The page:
The book is set early in World War 2 as the Nazis begin to occupy France and the French surrender. It alternates between two perspectives, that of Marc, a French orphan who escapes from the orphanage and that of siblings Rosie and Paul as they too try to survive in occupied France. All three of the children are great characters but when Henderson does eventually turn up they mostly take a backseat and it is all about him. He is not a great character at present although there are still many mysteries surrounding him which may make his character more interesting. I'm still skeptical a British spy would so willing travel with a child though.

The best thing about this book is the way it brings history to life. A children's book set in World War 2 is a rare thing indeed and Muchamore does a great job at making it feel real. I felt the way he evilized the Nazis though was a bit over the top though- surely not every Nazi was an evil psychopath!

My biggest disappointment here was the ending, or the lack of one. Clearly this series is telling one story and therefore there was no closure at the end of the book. This is a terrible crime to commit when writing a book- even if the story continues there ought to be some sort of closure!

A good opening to the series and a great way for young adults to get into the history of World War 2, whilst having lots of action sequences that boys will love.
" said.

"The Escape by Robert Muchamore, the first novel in the Henderson’s Boys series, did not make the greatest impression on me. The style of writing itself was not that unappealing and did keep me somewhat interested. However after reading this book and reading summaries of the next few books in the series, I find that it follows the Alex Rider series by Anthony Horowitz almost identically. Both series involve using teenaged kids in the art of espionage, However the difference is the Henderson’s Boys series is actually based off real life events, such as World War 2 in The Escape, whereas the entirety of the Alex Rider series is completely fictional. I feel that this kept me interested in a way, as I am interested and intrigued by the history of the World Wars. However as with Anthony Horowitz's writing style, The Escape’s writing style did not go into extreme detail about surroundings and equipment mentioned throughout the book, which led to a dissapointment.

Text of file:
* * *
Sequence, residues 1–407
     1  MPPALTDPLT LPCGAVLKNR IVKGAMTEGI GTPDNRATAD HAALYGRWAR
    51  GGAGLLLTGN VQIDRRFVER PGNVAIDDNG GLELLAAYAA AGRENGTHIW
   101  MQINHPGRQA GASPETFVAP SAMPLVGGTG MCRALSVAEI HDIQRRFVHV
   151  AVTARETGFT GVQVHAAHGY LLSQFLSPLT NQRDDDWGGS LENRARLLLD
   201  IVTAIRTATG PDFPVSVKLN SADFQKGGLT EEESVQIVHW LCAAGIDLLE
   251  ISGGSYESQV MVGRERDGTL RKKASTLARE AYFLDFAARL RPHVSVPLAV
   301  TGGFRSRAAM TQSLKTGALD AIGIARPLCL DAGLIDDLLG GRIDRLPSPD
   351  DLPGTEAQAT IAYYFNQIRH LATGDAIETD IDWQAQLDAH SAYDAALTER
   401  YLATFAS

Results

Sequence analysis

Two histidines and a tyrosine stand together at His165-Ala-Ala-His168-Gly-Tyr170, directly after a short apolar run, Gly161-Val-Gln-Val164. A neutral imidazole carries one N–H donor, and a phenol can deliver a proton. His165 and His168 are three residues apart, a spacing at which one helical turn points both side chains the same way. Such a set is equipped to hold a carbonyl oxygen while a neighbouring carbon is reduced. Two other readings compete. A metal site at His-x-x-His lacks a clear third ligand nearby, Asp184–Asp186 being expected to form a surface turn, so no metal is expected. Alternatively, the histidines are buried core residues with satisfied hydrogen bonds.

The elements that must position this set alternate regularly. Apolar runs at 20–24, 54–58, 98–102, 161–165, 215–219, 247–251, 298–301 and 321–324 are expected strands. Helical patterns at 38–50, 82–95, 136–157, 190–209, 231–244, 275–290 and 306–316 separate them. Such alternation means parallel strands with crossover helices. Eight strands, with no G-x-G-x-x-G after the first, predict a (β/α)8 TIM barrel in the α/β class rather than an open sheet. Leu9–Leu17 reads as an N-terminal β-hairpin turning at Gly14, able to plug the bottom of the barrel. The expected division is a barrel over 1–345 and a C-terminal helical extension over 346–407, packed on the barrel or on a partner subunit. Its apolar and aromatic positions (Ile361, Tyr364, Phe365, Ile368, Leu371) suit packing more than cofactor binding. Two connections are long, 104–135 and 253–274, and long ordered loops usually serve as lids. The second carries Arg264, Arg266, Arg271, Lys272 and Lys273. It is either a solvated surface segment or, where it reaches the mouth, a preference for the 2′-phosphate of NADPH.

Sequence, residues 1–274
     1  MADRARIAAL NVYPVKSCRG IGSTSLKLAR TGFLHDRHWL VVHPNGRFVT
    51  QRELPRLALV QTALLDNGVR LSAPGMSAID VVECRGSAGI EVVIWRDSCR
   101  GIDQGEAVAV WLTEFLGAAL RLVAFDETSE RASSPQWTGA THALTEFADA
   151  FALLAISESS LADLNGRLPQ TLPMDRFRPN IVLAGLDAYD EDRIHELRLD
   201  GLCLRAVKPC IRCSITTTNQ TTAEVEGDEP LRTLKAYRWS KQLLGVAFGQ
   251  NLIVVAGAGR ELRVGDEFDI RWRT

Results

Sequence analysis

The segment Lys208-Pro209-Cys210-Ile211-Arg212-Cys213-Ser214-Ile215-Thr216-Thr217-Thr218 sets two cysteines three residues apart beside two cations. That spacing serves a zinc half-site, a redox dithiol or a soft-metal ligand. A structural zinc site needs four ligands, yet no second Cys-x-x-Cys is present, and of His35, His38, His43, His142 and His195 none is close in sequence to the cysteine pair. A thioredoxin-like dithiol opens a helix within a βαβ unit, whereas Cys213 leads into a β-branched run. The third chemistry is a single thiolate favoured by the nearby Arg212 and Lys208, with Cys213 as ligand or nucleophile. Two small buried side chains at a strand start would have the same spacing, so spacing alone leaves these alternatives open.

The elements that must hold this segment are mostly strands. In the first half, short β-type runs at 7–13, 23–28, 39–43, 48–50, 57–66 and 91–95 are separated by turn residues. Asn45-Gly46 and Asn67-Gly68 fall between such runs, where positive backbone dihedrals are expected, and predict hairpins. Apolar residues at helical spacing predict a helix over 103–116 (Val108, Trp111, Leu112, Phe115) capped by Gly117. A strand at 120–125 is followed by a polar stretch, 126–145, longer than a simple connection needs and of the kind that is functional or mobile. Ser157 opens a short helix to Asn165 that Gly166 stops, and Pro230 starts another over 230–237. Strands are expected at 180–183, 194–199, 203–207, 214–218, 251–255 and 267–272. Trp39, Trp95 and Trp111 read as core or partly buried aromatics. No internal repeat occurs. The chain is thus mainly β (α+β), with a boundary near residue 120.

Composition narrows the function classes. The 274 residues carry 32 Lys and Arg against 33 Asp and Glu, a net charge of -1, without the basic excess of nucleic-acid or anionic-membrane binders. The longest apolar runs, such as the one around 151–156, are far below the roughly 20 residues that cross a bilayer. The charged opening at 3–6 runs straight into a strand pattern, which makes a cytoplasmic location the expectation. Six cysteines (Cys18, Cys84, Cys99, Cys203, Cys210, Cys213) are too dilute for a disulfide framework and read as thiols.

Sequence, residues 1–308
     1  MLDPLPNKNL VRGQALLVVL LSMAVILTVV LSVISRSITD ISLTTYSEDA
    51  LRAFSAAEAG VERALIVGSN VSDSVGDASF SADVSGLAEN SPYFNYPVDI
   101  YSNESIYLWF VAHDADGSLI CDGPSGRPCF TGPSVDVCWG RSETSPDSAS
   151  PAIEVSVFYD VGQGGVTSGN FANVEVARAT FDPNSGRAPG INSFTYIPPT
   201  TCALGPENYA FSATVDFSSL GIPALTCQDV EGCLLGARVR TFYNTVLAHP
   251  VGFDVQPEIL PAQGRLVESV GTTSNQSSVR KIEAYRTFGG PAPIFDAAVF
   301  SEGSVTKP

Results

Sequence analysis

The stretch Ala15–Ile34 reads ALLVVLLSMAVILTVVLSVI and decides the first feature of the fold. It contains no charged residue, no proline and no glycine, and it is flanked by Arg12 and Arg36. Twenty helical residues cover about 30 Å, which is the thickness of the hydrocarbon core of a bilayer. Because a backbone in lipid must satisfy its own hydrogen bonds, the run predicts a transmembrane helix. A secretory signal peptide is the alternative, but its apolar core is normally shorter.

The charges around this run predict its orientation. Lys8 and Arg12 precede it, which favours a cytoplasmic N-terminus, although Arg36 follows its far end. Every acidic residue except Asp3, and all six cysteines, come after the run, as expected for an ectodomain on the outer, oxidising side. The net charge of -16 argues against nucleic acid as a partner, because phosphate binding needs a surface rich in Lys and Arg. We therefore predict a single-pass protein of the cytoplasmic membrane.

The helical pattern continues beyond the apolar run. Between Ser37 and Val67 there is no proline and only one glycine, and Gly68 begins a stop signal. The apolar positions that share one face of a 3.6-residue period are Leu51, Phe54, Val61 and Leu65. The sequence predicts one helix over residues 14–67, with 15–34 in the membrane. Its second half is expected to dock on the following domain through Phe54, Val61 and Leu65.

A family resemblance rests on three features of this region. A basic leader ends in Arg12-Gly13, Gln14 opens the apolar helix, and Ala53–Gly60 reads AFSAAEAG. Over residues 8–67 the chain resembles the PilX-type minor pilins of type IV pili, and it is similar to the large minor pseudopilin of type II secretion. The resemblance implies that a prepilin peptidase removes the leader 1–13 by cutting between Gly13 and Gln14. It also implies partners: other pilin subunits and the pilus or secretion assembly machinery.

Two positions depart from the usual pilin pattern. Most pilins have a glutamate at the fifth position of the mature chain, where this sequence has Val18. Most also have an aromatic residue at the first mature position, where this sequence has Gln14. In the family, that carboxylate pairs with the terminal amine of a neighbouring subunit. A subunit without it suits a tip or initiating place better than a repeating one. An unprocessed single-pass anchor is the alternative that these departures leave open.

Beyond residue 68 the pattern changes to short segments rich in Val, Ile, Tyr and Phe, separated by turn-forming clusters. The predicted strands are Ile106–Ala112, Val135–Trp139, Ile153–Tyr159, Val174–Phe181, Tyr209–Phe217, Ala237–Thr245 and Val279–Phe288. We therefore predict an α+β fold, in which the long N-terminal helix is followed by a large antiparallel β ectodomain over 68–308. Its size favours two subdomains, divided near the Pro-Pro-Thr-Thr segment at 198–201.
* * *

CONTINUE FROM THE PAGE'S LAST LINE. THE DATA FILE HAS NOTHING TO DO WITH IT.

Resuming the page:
I almost feel as if reading the Alex Rider series prior to reading this book has, in a way, discouraged my approval of this style of writing. However the way Muchamore writes, using non-fictional settings and events, such as WW2 and Hitler’s regime, has given the characters and situations much more believability. I feel as if I had never read or heard of the more popular series Alex Rider I would enjoy reading the entire Henderson’s Boys series.

However I enjoy the very subtle and not so subtle differences in the two. From the start of the series in The Escape, two boys, coming from a very different lifestyle, join together in their journey to make for some interesting situations with a very interesting relationship between the two.

So to conclude, I somewhat enjoyed this book because of the imaginative storyline and uniqueness of the situation. The only reason I would rate this book a four is because I do not enjoy the style of writing Muchamore uses throughout this book.
" said.

"Une excellente lecture qui se démarque de la saga CHERUB par son contexte historique et la richesse offerte par l’auteur !

Je ne suis franchement pas déçue. Alors que les Allemands envahissent la France, on suit le parcours du jeune orphelin Marc, fuyant l’orphelinat de Beauvais, et des deux enfants Rosie et Paul au travers de Paris, lesquels doivent remettre des plans essentiels à un certain espion Anglais : Henderson. Pour leur malheur et notre bonheur, leur chemin va finalement se croiser…